Saturday, April 26, 2008

Leader of the Band


Here we are again, continuing our seeming never ending journey of how to find the good candidate or office holder. Now a good candidate should be someone who would make a good leader (Why elect them otherwise?), so this time I would like on what it means to be a leader. Oh brother, this means we better go back again to the Merriam Webster dictionary to discover the meaning of the word "leader". (Will it never end?) A leader is: 

A blank section at the beginning or end of a reel of film or recorded tape 
Many political candidates could be considered to be the equivalent of a blank piece of tape (or an empty suit, take your pick), but I'm not sure that's who I should want to pick for the running of the country.

Something for guiding fish into a trap 
The concept of guiding seems like a good one to me, except of course, if you're the fish. Many times I feel like candidates are attempting to lead me into a trap that they will spring on me after being elected, and that they believe that I am too dumb to see it coming. Some actually manage to fool me. Sorry, but I can't see this as a quality to be sought in a used car salesman, let alone a political candidate.

A first or principal performer of a group 
This too has a certain ring of truth to it. The concept of candidate and performer has come up before in our research, and while actors have become politicians (and vise-versa), I would prefer someone who isn't "performing". While I believe that acting like a leader is important, I don't believe that it's the same thing as being one. I suspect that it isn't.
 
A horse placed in advance of the other horses of a team 
Well, political parties could be considered as teams, their candidates are the ones up front, and these are called "races" after all. But while this is clever as a word game, I'm not sure I want to play the ponies with the future of my government at stake. Besides, who decides who gets to do the placing? (... and when we are talking about political candidates are we placing horses or just their asses out front?)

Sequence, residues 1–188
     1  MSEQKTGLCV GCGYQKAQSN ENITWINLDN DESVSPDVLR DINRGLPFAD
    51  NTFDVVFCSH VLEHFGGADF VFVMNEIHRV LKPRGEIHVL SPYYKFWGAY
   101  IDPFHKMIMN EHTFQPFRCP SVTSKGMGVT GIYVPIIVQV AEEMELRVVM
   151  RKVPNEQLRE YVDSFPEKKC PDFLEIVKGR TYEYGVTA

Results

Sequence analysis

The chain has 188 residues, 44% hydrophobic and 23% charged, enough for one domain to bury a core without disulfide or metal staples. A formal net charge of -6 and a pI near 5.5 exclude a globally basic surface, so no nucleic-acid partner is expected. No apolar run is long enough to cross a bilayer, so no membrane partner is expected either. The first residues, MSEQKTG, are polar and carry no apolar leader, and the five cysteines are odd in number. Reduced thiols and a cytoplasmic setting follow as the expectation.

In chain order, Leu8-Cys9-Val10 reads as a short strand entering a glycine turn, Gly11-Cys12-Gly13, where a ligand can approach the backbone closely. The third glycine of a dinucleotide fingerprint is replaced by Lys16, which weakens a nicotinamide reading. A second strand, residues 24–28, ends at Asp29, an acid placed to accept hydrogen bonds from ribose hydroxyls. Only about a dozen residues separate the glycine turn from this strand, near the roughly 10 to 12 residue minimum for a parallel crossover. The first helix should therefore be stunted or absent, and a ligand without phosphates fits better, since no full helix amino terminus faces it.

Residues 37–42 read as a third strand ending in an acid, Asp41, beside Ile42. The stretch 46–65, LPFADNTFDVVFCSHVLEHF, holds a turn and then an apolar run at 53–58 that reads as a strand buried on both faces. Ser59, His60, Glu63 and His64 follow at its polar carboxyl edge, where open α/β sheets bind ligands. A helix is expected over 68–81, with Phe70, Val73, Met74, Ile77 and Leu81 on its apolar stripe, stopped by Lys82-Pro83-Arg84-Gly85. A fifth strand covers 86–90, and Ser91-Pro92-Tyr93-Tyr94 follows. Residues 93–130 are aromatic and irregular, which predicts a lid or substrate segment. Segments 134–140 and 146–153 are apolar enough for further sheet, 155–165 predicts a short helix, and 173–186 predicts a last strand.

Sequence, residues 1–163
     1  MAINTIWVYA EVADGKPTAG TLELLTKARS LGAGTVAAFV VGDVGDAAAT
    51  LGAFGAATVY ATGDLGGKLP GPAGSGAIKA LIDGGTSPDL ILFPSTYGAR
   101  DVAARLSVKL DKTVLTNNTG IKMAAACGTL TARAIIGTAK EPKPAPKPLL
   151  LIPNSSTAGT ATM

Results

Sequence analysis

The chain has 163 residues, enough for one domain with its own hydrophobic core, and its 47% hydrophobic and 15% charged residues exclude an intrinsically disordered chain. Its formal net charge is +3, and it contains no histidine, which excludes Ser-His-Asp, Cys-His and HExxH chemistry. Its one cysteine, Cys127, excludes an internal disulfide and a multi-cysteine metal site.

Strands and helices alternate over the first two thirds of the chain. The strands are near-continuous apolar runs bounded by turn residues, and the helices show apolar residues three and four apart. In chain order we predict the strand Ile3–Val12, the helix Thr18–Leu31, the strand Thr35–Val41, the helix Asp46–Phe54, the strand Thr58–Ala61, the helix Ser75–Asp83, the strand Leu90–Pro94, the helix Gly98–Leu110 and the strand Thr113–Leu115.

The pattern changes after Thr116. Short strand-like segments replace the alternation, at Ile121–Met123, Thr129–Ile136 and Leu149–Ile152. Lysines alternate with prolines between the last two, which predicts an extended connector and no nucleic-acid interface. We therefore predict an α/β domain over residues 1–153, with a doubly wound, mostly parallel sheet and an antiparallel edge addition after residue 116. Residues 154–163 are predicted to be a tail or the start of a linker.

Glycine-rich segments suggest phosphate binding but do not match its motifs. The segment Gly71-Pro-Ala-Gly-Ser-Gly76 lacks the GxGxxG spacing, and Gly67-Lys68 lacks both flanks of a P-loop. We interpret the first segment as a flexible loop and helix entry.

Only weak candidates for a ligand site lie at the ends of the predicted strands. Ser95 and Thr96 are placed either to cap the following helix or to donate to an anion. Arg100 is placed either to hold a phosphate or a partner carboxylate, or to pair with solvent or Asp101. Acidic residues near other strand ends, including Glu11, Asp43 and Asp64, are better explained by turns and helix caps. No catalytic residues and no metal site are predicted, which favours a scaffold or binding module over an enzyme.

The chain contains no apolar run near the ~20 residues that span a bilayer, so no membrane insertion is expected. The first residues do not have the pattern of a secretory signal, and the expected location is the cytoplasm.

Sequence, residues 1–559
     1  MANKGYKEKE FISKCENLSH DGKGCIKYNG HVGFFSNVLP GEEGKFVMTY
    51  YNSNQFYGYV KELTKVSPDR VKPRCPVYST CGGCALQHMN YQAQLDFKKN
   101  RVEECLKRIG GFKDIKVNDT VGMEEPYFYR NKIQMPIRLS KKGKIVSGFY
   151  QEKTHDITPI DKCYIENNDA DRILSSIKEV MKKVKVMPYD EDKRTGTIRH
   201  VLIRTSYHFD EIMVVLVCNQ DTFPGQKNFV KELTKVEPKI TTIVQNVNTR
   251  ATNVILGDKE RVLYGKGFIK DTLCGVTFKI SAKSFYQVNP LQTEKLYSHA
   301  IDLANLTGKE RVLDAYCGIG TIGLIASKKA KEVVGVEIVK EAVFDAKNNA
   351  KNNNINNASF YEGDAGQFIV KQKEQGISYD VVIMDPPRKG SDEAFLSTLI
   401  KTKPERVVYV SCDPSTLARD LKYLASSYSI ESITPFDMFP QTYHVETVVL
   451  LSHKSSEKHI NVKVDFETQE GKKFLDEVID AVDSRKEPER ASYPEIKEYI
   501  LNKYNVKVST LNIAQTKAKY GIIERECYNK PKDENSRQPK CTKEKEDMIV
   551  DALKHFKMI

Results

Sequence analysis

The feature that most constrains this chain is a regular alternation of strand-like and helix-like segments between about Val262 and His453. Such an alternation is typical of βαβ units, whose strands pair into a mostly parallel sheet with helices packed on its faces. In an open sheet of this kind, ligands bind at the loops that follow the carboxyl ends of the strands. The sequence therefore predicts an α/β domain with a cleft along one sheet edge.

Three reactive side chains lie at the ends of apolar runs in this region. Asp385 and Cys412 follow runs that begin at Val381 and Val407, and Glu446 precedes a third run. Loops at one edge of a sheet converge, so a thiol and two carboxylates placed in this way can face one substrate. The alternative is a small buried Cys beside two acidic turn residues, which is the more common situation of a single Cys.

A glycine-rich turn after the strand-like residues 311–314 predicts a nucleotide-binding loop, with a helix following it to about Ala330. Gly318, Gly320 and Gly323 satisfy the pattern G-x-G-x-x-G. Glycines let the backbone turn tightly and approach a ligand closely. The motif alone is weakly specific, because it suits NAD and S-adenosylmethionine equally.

A person who has commanding authority or influence 
This probably comes as close to the truth we are looking for as anything, though it scares me. It seems to me to smack of the cult of personality in candidate selection. Again, this is something that we have seen time and time again in politics; and if this is our definition we should be afraid. Past journeys down this road have led to unpleasant destinations. (Napoleon and Hitler come to mind in the category of such mistakes.)

Man, I am really starting to wonder about this whole search. Every time we define a quality that should be admirable or necessary in a political candidate, we either can't define it in any meaningful way or the definitions that we can find are ones that we wouldn't care to have in a candidate. I am beginning to question my reasons for continuing this search. 
(But have no fear, I will pick this up again in two weeks ...) 

6 comments:

Hooda Thunkit said...

Tim,

Maybe this year you should be looking at the desired characteristics of a good (purely subjective here) weasel.

For all practical purposes, that's what we have to choose from. . .

Maggie Thurber said...

Perhaps the problem in defining is that you haven't properly phrased the question (shades of "Hitchhiker's Guide" here)...

We're not necessarily looking for a 'leader' as much as an executive - at least when it comes to the positions of president or governor or mayor.

So, what tasks must the individual perform and what skills are needed to properly perform those tasks?

Personally, I think these three elected positions are more like a CEO position with the myriad of duties and responsibilities being very similar and comparable.

Having defined the duties and responsibilities, then the skills necessary, we're in a much better position to evaluate the potential applicants.

But, that's just me, looking at things from a logical, practical standpoint and that perspective has absolutely nothing to do with politics nor the environment in which such decisions are made.

42!

:)

Tim Higgins said...

hooda,

You might be right, but I am choosing to take this thing on as a true quest. Of course in this election cycle, it may turn out more like "Monty Python and the Holy Grail", but so be it.

Tim Higgins said...

Maggie,

My access to Deep Thought has been severely limited since moving to Toledo. (The computer,not the process, for those unfamiliar with Hitchhiker's Guide to the Galaxy.)

I am going to question your redefinition however (in spite of it's insight and logic) because of the contradiction in terms that it implies. How could the same qualities that make someone capable of running an evil corporation be the ones that would allow someone to head up the compassionate government that we are told we need?

No, the person that you are talking about would streamline bureaucracies, reduce costly regulations, and eliminate waste. The next thing you know we would have a government operating with a profit (you know, budget surplus). We wouldn't want that, would we? :-)

Maggie Thurber said...

Ah, yes, Tim...

I see the error of my ways in terms of the logic and reasoning I have proffered.

What was I thinking???

Tim Higgins said...

On the the other hand Maggie, I understand that Zaphod Beeblebrox is currently looking for a new gig. While it would certainly be a step down from his most recent job, he does seem to embody the qualities that we desire in a mayor.

I'm just sayin' ...